The chairman of the Criminal Bar Association (CBA), Nigel Lithman QC, announced this morning that ‘individual members of the CBA have decided that they will no longer be available/will not work during the day of 7 March.’
The date will coincide with a nationally co-ordinated training day for solicitors, including training at The Law Society, which was called last night by the Criminal Law Solicitors’ Association (CLSA) and London Criminal Courts Solicitors’ Association (LCCSA).
The announcement of a full day walk-out comes following two separate meetings with the Ministry of Justice (MoJ) yesterday – one with Bar Council chairman Nick Lavender QC and the other with representatives from the solicitors’ profession.
According to Lithman, the feedback from the meetings was that ‘there is nothing fresh to report’. CLSA and LCCSA representatives said that it was clear that the MoJ ‘is not willing to engage constructively with solicitors nor are they willing to meet with a joint delegation of solicitors and barristers to hear the shared concerns of the profession.’
Lithman also announced that, as well as walking out of court on 7 March, individual members of the CBA have decided that, with effect from 7 March, they will ‘suspend their willingness to undertake returns for other members of the Bar and will only do their own work.’ He added: ‘Those of you who want to show your support will decide whether you too will do the same.’
The decision from the CBA and solicitors’ representative bodies to call a full day walk-out follows the profession’s half day of action last month, when Magistrates’ and Crown courts across the country were ground to a halt throughout the morning.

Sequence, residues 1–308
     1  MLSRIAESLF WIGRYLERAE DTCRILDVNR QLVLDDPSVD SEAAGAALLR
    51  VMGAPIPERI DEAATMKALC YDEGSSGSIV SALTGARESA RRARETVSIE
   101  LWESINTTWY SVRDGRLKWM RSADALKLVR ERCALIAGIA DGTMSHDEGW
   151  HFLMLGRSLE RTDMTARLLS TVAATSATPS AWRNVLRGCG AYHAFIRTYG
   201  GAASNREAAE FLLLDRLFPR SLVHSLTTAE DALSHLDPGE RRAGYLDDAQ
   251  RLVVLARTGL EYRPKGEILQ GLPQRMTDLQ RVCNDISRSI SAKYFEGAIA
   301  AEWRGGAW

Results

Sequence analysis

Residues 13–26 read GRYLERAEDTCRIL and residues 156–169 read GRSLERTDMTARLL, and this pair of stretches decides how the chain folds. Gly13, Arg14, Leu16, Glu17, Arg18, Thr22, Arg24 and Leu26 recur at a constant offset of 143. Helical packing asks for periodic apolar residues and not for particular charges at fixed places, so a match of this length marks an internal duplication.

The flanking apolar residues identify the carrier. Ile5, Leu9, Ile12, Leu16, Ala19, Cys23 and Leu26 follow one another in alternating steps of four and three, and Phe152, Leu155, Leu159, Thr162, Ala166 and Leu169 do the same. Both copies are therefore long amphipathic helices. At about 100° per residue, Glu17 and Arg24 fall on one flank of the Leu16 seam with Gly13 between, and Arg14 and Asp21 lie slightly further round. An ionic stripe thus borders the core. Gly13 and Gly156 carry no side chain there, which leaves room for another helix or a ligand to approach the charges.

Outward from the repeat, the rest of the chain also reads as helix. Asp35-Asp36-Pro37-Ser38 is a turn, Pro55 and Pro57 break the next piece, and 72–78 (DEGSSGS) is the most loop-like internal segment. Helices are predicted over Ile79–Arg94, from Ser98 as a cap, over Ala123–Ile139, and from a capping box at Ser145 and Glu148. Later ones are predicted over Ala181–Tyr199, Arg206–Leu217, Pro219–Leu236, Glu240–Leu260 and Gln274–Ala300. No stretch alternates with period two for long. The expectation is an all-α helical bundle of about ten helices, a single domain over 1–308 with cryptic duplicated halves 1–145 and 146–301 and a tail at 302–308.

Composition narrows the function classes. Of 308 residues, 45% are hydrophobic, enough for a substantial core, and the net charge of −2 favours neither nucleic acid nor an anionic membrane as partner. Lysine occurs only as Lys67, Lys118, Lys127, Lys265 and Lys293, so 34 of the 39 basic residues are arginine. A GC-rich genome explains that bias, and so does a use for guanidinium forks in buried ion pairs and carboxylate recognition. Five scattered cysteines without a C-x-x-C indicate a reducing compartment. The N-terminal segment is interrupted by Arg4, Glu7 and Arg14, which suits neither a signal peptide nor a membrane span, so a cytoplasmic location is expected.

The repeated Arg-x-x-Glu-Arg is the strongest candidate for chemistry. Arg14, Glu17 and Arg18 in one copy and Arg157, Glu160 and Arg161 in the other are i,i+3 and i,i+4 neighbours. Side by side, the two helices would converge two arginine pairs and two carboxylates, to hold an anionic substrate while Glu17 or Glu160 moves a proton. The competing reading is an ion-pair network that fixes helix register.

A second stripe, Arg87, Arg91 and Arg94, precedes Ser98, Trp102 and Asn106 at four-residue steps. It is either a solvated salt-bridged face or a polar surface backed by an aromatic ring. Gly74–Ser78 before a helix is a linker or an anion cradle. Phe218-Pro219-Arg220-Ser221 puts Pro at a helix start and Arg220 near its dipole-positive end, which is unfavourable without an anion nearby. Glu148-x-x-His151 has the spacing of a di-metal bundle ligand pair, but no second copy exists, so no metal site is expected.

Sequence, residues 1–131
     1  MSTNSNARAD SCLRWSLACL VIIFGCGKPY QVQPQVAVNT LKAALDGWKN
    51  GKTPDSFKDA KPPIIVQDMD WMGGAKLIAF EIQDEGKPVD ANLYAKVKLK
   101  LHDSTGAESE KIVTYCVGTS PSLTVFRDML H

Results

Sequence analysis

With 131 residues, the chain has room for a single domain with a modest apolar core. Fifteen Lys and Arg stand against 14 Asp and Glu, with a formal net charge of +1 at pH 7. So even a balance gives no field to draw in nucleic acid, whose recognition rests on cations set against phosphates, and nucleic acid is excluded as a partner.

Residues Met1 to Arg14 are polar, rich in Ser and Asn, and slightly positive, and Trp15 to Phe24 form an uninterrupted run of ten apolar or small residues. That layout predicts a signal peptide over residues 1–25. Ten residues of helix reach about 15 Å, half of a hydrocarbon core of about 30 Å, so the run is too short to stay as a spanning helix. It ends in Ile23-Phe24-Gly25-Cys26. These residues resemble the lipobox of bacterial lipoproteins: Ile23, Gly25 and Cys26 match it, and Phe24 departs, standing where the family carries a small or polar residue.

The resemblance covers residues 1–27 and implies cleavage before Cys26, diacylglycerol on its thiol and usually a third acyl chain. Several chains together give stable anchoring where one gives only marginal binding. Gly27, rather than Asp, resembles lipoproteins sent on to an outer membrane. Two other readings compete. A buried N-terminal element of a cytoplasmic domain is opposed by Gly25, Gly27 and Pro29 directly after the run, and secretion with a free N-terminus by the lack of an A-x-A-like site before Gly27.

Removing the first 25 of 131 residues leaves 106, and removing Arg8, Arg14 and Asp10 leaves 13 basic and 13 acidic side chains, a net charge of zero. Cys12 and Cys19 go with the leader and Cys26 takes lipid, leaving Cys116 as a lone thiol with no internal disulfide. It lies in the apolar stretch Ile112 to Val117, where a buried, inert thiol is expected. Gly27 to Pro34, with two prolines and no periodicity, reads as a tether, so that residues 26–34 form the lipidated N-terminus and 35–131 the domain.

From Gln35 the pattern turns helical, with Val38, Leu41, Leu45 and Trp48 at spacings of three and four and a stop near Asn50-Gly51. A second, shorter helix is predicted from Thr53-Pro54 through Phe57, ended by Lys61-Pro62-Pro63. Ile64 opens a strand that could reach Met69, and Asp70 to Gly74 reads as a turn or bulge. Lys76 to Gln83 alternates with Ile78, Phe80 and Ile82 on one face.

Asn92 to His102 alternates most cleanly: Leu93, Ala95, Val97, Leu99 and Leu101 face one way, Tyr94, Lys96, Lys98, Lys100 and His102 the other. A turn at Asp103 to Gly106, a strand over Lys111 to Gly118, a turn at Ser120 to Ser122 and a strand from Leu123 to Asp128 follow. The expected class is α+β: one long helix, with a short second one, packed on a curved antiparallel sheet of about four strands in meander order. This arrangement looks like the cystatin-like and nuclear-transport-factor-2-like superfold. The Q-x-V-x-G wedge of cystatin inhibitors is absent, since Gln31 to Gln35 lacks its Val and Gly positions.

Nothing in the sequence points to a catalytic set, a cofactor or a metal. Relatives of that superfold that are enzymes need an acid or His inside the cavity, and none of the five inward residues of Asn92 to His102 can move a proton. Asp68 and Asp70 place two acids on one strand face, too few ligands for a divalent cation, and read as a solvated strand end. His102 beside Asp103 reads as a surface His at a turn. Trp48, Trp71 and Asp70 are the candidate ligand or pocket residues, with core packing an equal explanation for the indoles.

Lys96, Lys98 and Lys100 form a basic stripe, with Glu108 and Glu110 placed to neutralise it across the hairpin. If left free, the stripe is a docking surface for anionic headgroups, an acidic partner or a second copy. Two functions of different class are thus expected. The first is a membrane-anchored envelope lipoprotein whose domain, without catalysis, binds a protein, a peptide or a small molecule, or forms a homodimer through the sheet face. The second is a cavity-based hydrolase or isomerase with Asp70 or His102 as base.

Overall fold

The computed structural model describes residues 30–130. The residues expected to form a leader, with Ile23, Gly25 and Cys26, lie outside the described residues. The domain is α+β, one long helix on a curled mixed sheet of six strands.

Announcing the second day of action, Lithman slammed the MoJ for its ‘slash and burn’ legal aid policy, and for ‘knowing the price of everything and the value of nothing’.
‘It does not matter that we have shown these savings are not in fact necessary. It does not matter that we have shown them the false economy of their proposals or that such savage cuts will cost the Government more than they save in the long run….They do not care about the fundamental rights of the thousands of individuals who may need access to justice, fair and proper legal representation in the future.’
Nigel Lithman QC
Last weekend, a national meeting of solicitors and barristers held in Lincoln’s Inn resolved for the profession to speak with ‘one voice’ against the proposed cuts. ‘The purpose of any action must be to show the Government the depth of the resolve among the legal profession to speak as one voice,’ said Lithman.
He concluded that the planned day of action and criminal bar’s decision to refuse to accept returns from other barristers was a ‘wholly reasonable and proportionate response to the conduct of the MoJ’.
Lithman added that, should the Ministry agree to halt the cuts and ‘engage meaningfully in an effective dialogue with the CBA’, a withdrawal of labour would become ‘unnecessary’.
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